So now he wants to curry favor by whacking Giffords? No thanks. Antenori and Gowan are solid conservatives and they’re each equally up to the task of whacking Democrats. Better still, after they’re elected, they won’t vote like Democrats. Another improvement over Sposito.

  2. Sonoran Alliance says

    Tim S.

    We ran it because he took the time to send it to us. We are waiting to publish an op-ed from Antenori and Gowan, as soon as they take the intiative to write something and send it to us (a little shorter would be nice.) It is very clear that we are not endorsing Sposito and thank you for filling in the history for our readers.

    To submit your work, send it to sonoranalliance@cox.net. 400 words or less please and include a short statement granting us permission to publish. Tell us the address of your web site if you and one. If you are running for office and do not have a web site please explain.

  3. Tim S. might do a little research himself before he speaks. My web site has many opinions,in writing, none of them liberal. I have been pro-life my entire life as those who know me will tell you. My daughter attends Grace Christian Academy as I believe strongly in a postive Christian upbringing for her. I have owned my own small business for nearly 18 years and have fought for lower taxes during all of them. I serve as President of our local chamber of commerce. I have advocated for school choice long before it was ever popular to due so as a Republican. I live near the border and was the only candidate to openly endorese prop 200 in 2004. I understand that the politics of America these days is the politics of lying and cheating, but good grief Tim S. you’ve really out done yourself.

  4. Though I am supporting Gowan, I met Doug Sposito in January during a 1200 Club meeting. He seems like a very knowledgeable fellow. I am curious as to his pro-life position.

    I do like a candidate doing some bottom up critiques on Gabby. Where is Tim Bee? Where is the contrast between him and Gabby?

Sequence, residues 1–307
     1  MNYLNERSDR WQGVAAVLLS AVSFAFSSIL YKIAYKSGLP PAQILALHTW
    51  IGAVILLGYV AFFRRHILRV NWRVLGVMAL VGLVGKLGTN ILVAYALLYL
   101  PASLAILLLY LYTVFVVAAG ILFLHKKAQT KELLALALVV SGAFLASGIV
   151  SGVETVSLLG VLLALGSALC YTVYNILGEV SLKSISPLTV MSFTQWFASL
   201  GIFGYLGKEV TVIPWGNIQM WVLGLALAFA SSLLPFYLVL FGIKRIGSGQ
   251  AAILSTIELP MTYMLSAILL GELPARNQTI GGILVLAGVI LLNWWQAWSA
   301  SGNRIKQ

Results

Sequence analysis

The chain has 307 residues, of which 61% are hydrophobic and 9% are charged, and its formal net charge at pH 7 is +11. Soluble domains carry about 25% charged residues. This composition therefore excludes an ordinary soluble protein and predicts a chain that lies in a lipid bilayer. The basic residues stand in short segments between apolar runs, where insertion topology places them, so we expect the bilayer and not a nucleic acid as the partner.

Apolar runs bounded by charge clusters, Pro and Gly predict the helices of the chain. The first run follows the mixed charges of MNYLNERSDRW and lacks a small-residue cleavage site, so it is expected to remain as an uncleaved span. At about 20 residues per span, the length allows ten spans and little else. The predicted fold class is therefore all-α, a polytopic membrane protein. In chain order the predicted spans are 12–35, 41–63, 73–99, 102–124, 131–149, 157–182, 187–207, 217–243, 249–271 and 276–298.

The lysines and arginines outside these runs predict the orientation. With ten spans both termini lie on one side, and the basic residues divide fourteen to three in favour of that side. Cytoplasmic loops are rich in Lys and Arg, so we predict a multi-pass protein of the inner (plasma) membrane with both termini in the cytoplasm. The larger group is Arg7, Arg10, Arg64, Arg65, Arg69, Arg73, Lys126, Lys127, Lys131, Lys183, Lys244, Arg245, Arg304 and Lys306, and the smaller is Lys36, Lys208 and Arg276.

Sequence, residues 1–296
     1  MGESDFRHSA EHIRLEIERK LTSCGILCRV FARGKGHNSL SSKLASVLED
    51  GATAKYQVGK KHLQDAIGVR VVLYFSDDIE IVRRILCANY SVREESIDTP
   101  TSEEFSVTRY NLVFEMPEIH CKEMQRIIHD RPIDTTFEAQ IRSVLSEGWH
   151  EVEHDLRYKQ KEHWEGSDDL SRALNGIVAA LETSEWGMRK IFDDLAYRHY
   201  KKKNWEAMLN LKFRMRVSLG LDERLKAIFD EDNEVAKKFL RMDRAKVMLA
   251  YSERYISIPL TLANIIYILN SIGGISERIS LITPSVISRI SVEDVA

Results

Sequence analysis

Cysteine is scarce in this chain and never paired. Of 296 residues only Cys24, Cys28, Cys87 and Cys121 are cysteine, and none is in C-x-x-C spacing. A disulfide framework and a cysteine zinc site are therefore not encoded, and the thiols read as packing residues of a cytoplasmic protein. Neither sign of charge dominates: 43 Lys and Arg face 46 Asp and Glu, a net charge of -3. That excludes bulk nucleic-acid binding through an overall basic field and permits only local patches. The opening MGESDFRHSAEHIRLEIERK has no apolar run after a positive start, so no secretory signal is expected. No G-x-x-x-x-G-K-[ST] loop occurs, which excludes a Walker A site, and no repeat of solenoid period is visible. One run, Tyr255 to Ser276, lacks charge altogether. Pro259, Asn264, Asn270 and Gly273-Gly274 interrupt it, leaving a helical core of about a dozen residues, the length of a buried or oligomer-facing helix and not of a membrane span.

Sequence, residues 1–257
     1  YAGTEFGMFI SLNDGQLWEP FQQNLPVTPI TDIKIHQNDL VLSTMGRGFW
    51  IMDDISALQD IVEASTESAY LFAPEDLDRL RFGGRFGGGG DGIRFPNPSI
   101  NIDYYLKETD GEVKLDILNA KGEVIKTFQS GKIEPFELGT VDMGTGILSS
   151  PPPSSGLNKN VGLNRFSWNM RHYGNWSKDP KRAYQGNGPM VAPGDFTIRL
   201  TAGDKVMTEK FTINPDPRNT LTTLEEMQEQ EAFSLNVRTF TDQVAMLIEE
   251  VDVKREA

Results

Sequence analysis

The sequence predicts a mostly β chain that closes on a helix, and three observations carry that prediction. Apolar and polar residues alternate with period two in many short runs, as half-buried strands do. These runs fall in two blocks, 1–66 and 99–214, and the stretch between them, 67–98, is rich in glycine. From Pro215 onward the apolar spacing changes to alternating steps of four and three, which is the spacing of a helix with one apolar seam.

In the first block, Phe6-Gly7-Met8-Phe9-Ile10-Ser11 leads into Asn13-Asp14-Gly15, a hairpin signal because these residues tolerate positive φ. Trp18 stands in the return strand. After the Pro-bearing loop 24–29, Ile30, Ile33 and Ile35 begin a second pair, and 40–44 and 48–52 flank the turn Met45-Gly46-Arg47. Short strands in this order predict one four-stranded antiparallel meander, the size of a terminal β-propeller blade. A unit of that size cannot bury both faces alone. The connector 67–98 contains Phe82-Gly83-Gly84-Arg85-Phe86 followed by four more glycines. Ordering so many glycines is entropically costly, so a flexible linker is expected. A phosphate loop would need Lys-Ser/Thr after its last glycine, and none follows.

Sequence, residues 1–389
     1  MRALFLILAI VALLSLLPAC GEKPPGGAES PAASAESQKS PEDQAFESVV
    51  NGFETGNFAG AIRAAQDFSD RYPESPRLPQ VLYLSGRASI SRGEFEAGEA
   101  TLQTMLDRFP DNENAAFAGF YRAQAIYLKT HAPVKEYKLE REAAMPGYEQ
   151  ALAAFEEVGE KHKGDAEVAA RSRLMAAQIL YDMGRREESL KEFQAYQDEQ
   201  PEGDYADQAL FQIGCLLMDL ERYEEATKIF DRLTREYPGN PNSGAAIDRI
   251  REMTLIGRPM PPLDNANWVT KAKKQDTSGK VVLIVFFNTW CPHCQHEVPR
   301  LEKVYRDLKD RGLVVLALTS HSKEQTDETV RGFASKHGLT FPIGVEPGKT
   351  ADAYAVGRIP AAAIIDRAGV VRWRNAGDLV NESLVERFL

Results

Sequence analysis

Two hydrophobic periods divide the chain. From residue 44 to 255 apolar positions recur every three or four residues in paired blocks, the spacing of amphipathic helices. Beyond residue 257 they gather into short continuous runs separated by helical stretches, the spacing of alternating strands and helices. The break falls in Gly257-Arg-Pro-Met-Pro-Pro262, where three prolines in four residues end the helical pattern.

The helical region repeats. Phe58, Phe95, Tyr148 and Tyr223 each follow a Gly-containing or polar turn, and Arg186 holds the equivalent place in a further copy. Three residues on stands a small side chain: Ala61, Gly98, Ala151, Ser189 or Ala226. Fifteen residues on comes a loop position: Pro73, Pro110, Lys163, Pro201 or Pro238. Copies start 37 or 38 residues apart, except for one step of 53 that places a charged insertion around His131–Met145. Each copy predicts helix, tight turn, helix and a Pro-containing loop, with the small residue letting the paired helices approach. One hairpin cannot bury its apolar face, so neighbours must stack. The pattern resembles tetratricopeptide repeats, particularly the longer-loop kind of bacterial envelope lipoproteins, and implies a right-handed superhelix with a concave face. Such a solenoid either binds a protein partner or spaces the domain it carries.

Mr. Sposito is right to criticize this 300 billion dollar budget. Isn’t the defense budget about $ 600 billion?

  5. Can’t say for sure whether Tim is right about Doug Sposito going from right to left during the 2004 campaign, but he appears to be right about the 4th place finishing according to the Secretary of State’s campaign. If Doug is back to conservative, we’ll take it!

    Not true about Prop 200 though Doug. Both Graf and Gowan were very vocal, not only in support of, but in organizing for Prop 200 in 2004.

  6. Oops, my bad. Graf was running for Congress, so Gowan was the state leg candidate pushing for Prop 200.

  7. Doug,

    according to this website, we have an 18 cent gas tax. Do you favor its repeal? If not, how can you justify taxing a good that mulitplies the cost of all other goods?

    http://www.gaspricewatch.com/usgastaxes.asp

  8. James,
    I strongly favor reducing all taxes. It is now an established certainty that taxes and regulation erode prosperity and it is prosperity (not taxing) that generates the revenues that government uses to fund its programs. The issue now is whether we allow government to use every taxing gimmick it can imagine in order to fulfill the Big-Government re-distributionist ideology of our leftist opponents or do we stand up for the fundimental Republican values of limited government which mandates limited taxes.

  9. James Bretney, you’ve been fooled. Sposito is not as knowledgeable as you think. Nor as honest as you may hope.